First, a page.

Here’s every building in Chicago that bans Airbnb listings

Knowing where prohibited buildings are can prevent costly investment mistakes.

When Chicago hosts consider buying properties to list on Airbnb, location is key. Under the Shared Housing Ordinance enacted in 2016, the city has excluded at least 2,024 buildings from short-term rental activity as of May 27. But figuring out where they are isn’t easy.

By understanding the reasons behind these bans on home-sharing, hosts may lower their investment and regulatory risk in a tricky market.

This interactive map of prohibited buildings is updated in real-time from the City of Chicago’s database.

Fewer new buildings are banned each year

Based on our analysis of the city’s House Share Prohibited Buildings List, buildings excluded from rental activity in Chicago are most likely to have 10 to 100 units: While 24% of prohibited buildings have fewer than 10 units and 27% have 101 to 1,000 units, 49% of banned buildings have 10 to 100 units.

The number of newly prohibited buildings decreases each year. In the second half of 2016, the city banned 951 buildings from short-term rentals. Throughout 2017, that number dropped slightly to 848. Last year, the city added 179 buildings to the prohibited list. This year, as of May 8, the city had excluded 44 buildings from short-term rental activity under the Shared Housing Ordinance.

The yearly decline makes logical sense: When the Shared House Ordinance first went into effect on July 15, 2016, the owner or authorized agent of cooperative buildings, condominium buildings or buildings governed by a homeowners association was given the right to exclude short-term rental activity in their building. This move caused a large number of buildings to enter the prohibited buildings list, but the trend eased over the years, according to city data.

Unwelcome guests: Home-sharing hosts vs. Chicago

While the Shared Housing Ordinance tightened regulations on vacation rentals in Chicago, the burgeoning home-sharing industry continues to spark debate on how the city should balance the interests of hosts and the concerns of neighbors frustrated by guests who don’t take care of the rental space.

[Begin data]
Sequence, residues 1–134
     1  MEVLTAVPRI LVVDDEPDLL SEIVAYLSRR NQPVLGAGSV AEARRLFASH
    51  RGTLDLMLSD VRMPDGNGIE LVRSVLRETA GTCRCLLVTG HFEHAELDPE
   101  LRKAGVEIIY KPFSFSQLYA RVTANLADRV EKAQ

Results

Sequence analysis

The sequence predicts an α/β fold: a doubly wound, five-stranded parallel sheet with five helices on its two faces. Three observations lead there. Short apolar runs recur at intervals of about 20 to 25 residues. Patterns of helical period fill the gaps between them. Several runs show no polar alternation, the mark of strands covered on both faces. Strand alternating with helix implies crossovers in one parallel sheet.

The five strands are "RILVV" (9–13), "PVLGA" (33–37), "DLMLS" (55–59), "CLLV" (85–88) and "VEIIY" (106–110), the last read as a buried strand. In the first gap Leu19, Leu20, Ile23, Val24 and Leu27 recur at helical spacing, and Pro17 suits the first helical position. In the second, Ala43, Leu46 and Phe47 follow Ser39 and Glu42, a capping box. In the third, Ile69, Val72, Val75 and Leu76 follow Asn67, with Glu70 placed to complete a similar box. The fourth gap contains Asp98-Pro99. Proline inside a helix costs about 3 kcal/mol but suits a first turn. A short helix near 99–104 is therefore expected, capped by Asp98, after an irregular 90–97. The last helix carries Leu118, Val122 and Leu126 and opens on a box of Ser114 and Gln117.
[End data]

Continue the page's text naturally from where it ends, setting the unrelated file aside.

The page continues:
In 2017, Marty Quinn of the 13th Ward was the first alderman to declare his ward off-limits to Airbnb and other home-sharing services. In Quinn’s ward, where several horror stories have captured lawmakers’ attention, this ordinance attempts to squeeze out new Airbnb units in select precincts near Midway Airport. In many cases in the U.S., restrictions on vacation rentals come at the request of hotel operators and industry lobbyists to protect these businesses from being overrun by competition and to prevent people from transforming homes into illegal and rowdy hotels.

Lack of vetting leads to complaints

Most of these buildings on the prohibited list are large apartments, condos and complexes with 10 or more units, says Alex Cross, broker associate of Best Chicago Properties. These buildings are banned mainly because people submitted complaints to the Department of Business Affairs and Consumer Protection that hosts who rent out properties for Airbnb are not properly vetting their guests and making sure they take care of the place, Cross says.

“That ends up leading to a bad name for people who do the right thing or vet their guests,” Cross said. “There are millions of stays per year, and it only takes one or two bad ones for people to think that Airbnb is destroying the world.”

In terms of where to invest, there is no right or wrong neighborhood. Hosts need to do their research and find a property that allows for Airbnb listings, Cross says.